This study explores the concepts of globalization, gender relations, and land tenure, and the intersection of these concepts in a globalizing project, represented by the Chad-Cameroon Oil Pipeline project in selected communities in Cameroon. It questions the theories of globalization, the construction of women and men in the project, particularly as concern land resources. This work will appeal to scholars in social and management sciences, gender studies and environmental sciences in Africa, development agencies and multinational companies like the World Bank and petroleum consortiums, and policy makers.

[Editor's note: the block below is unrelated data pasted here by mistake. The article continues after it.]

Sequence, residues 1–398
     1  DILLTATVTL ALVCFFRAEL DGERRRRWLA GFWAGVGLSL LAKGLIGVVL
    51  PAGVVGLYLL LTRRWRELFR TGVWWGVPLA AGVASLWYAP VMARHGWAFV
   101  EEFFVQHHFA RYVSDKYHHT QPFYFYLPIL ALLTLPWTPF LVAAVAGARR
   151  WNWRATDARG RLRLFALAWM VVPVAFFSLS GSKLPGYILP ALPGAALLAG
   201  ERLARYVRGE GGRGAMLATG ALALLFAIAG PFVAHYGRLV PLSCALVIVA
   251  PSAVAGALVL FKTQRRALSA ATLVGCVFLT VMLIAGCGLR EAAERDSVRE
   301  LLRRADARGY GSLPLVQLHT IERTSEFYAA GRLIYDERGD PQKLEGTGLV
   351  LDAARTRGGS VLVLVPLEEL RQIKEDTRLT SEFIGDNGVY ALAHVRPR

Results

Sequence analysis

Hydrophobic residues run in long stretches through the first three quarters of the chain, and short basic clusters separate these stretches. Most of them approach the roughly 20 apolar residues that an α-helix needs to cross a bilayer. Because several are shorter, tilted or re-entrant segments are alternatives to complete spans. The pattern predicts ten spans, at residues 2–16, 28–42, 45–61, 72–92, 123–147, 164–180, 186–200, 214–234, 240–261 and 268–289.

Joyce B. Endeley is Chair and Associate Professor of Gender Studies and Agricultural Extension Education in the Department of Women and Gender Studies at the University of Buea. Fondo Sikod is Associate Professor of Economics at the University of Yaounde II.
Foreword by Stephen A. Wolfgram; Preface; Acknowledgements; 1. Background to the Research; 2. Literature Review; 3. Methodology; 4. The Political Economy of Cameroon; 5. Overview of the Chad-Cameroon Oil Pipeline Project; 6. The Impact of the Oil Pipeline Project of the Political Economy of the Affected Communities; 7. Community Participation in The Oil Pipeline Project; 8. Description and Valuation of Compensations; 9. The Impact of the Project on the Livelihoods of Affected Communities; 10. Project Impact on Gender Relations, Land Resource and Community Livelihoods in Affected Communities; 11. Relationship Between Communities and Construction Companies and Service Providers; 12. Discussion, Lessons, Challenges, Conclusion and Policy Implications; Bibliography; Index.